In the matter of the Representation of R, which was heard by the Royal Court of Jersey on 21 June 2011, the Royal Court was called upon to decide whether to uphold or depart from the recent decision of the English Court of Appeal in Pitt v. Holt  EWCA Civ. 197.
The case of Pitt v. Holt considered the equitable principles under English law for avoiding a voluntary disposition entered into under a mistake. The Court of Appeal held that in order to be voidable under English law a mistake must relate to the legal 'effect' of a transaction and it is not sufficient for a transaction to be set aside because of a mistake as to the 'consequences' of the transaction. In reaching this decision the Court of Appeal criticised the position under Jersey law where the Royal Court has "set its face against the 'effects/consequences' distinction." It stated that the case of Re A  JLR 447, in which the Royal Court had ruled that a transaction could be set aside under Jersey law on the basis of a mistake as to the tax consequences of the transaction, was "a great deal too relaxed."
Upholding the Position Under Jersey Law
The Representation of R was the first case following the decision in Pitt v. Holt where the Royal Court was presented with the opportunity to re-visit the Jersey approach to the law of mistake in light of judicial developments in England. Having had the opportunity to consider the position of the English Court of Appeal however the Royal Court took the bold step of declining to follow the English position. Instead, it re-affirmed the earlier judgments of the Royal Court in the case of the Re A Trust and the Re Lochmore Trust  JRC 068. In the context of trust applications under Jersey law it remains the position that a voluntary disposition, including a transfer of assets into trust, can be set aside by a donor on the basis that the transaction was entered into under a mistake as to the consequences of the transaction. It is also necessary under Jersey law to demonstrate that the gift would not have been entered into but for the mistake and that the mistake is of so serious a character that it would be unjust on the part of the donee to retain the gift.
Tax Planning is Not a Vice
In applications seeking to set aside a transfer of assets into trust, the mistake in question will often relate to the tax consequences of a transaction, and indeed in the Representation of R the donor was able to satisfy the Royal Court that a transfer of assets into trust should be set aside on the basis that the donor had been mistaken as to both the English and US tax consequences of the transaction. In adopting a broader test to that under English law, the Royal Court recognised that there may now be an advantage in choosing one jurisdiction over another when making applications of this nature and accordingly felt that it was necessary to satisfy itself that the judicial approach being followed under Jersey law should be maintained. The Royal Court went on to find that the test applied under Jersey law was not only fair and just but also presented significant hurdles, which meant that it was not too easy for donor to retrieve a gift simply because things did not turn out precisely as he had anticipated. The Royal Court also expressed concern at the weight given to the interests of the tax authority under English law and, in defending its position not to follow the English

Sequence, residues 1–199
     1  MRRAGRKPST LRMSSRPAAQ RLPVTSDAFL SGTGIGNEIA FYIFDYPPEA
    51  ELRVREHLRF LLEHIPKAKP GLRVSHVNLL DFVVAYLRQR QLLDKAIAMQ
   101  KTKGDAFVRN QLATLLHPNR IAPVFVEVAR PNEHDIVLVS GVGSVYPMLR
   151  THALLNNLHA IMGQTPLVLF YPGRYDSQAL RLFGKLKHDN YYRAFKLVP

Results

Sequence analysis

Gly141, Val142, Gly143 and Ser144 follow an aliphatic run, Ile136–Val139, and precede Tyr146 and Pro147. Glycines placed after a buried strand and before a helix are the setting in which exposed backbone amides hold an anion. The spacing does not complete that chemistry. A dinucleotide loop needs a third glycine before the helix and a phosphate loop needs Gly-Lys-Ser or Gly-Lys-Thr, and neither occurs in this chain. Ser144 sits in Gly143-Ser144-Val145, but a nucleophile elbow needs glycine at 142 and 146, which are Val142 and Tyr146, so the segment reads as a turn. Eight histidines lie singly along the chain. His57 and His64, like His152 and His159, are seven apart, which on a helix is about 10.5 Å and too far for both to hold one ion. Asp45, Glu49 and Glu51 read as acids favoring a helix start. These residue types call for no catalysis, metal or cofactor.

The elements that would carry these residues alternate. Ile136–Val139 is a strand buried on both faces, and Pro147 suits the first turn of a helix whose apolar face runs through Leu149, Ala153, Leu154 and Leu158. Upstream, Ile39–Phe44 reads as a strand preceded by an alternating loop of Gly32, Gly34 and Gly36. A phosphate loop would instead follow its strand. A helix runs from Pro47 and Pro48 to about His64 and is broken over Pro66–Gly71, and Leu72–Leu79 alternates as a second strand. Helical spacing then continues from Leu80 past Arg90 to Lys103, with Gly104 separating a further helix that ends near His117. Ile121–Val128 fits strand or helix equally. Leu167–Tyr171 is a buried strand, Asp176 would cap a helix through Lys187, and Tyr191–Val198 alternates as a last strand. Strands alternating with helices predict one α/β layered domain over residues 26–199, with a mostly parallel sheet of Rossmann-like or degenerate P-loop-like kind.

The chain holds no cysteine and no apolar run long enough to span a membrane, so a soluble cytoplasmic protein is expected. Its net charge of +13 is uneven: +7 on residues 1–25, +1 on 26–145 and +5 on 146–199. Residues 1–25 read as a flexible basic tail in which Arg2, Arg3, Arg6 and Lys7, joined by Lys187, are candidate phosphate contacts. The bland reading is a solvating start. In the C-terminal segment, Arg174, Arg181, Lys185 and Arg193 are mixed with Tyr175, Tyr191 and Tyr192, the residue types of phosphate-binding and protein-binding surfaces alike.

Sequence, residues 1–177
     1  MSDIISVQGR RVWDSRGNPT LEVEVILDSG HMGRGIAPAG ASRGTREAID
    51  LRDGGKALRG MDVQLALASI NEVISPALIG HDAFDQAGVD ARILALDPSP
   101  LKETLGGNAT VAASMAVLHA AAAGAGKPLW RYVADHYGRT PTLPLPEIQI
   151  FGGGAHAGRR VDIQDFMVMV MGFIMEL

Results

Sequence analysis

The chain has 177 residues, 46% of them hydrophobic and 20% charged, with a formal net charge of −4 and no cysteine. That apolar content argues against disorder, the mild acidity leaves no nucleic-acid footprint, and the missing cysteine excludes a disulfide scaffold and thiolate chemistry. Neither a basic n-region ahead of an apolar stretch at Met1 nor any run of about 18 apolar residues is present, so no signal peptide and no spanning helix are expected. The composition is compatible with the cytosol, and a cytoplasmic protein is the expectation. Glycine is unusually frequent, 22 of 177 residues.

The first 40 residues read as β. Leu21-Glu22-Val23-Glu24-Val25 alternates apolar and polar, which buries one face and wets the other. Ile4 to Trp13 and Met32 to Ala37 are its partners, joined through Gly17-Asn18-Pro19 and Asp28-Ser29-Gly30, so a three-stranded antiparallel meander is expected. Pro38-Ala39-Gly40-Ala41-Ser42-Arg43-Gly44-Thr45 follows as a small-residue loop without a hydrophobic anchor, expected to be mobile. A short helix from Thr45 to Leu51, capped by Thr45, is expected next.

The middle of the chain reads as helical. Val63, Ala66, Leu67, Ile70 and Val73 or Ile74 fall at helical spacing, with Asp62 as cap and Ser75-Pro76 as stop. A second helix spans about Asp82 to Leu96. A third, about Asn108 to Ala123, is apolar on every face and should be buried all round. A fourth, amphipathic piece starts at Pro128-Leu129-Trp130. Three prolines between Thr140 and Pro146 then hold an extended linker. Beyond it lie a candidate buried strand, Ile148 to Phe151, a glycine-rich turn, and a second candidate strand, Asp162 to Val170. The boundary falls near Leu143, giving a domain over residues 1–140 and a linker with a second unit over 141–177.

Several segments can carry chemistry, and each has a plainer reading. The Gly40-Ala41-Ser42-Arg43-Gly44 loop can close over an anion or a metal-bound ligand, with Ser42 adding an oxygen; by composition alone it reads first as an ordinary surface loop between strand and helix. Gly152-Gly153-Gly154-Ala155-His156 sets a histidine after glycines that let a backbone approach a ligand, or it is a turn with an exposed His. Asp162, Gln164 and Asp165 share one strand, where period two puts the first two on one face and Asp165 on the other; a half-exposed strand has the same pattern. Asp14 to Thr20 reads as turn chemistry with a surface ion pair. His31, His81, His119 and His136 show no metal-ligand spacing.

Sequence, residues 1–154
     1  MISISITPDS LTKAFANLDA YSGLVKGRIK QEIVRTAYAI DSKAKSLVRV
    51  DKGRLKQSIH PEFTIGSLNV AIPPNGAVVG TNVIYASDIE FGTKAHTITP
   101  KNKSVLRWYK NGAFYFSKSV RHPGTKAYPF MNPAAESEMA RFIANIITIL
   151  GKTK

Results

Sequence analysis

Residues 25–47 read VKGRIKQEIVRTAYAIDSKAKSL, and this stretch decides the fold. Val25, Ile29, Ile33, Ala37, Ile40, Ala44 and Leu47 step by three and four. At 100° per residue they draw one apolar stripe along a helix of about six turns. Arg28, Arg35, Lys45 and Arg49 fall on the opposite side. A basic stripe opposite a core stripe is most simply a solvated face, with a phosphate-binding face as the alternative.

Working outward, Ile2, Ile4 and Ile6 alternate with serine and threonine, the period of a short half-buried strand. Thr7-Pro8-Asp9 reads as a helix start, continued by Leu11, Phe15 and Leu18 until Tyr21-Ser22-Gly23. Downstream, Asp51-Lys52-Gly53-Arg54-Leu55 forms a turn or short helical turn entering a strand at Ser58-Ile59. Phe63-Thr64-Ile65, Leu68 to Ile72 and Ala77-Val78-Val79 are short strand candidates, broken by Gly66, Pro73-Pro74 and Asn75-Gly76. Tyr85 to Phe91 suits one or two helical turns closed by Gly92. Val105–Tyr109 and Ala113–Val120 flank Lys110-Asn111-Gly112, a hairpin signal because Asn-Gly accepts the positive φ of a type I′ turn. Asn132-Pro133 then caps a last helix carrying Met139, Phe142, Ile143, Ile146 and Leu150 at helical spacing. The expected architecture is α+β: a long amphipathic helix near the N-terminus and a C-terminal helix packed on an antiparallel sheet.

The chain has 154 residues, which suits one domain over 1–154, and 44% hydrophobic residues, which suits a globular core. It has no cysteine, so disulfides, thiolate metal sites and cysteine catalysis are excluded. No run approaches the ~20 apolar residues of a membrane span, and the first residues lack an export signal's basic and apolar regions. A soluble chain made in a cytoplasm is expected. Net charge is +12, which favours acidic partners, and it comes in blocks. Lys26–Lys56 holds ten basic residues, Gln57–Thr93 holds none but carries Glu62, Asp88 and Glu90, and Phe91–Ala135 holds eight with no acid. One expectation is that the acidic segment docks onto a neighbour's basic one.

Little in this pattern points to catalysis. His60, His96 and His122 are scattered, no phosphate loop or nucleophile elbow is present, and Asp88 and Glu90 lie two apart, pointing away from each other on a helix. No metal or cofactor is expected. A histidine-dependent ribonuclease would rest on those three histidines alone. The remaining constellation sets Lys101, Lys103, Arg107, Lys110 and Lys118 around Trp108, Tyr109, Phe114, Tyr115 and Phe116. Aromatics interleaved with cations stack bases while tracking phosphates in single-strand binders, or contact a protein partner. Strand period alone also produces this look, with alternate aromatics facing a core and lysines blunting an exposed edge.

Court of Appeal's decision, Bailhache Cmmr stated;
"... in Jersey it is still open to citizens so to arrange their affairs, so long as the arrangement is transparent and within the law, as to involve the lowest possible payment to the tax authority. We see no vice in this approach. We accordingly see no reason to adopting a judicial policy in this country which favours the position of the tax authority to the prejudice of the individual citizen, and excludes from the ambit of discretionary equitable relief mistakes giving rise to unforeseen fiscal liabilities."
The Royal Court stated that whilst its role will often be to declare that a donor is entitled to avoid a gift on the basis of mistake, the action which avoids the gift under the equitable doctrine remains the action of the donor and not the court. As a consequence, transfers into trust are likely to be held to be voidable at the instance of the settlor and not void. Consideration was also given to the role of HMRC in applications to set aside trusts on the grounds of mistake. On the facts of the present case it was not deemed appropriate to inform HMRC but this is something that applicants will need to give consideration to on a case by case basis.
Scope of Judgment
Whilst this judgment is a seminal one, its application is limited purely to the doctrine of voluntary dispositions made by mistake. The Representation of R was not a Hastings Bass application and it remains to be seen what stance the Royal Court will take following Pitt v. Holt and Futter v. Futter in relation to applications to set aside discretionary decisions of trustees. It is also worth highlighting that appeals to the Supreme Court are pending in both Pitt v. Holt and Futter v. Futter and that until these appeals are heard the position under English law remains subject to further review.
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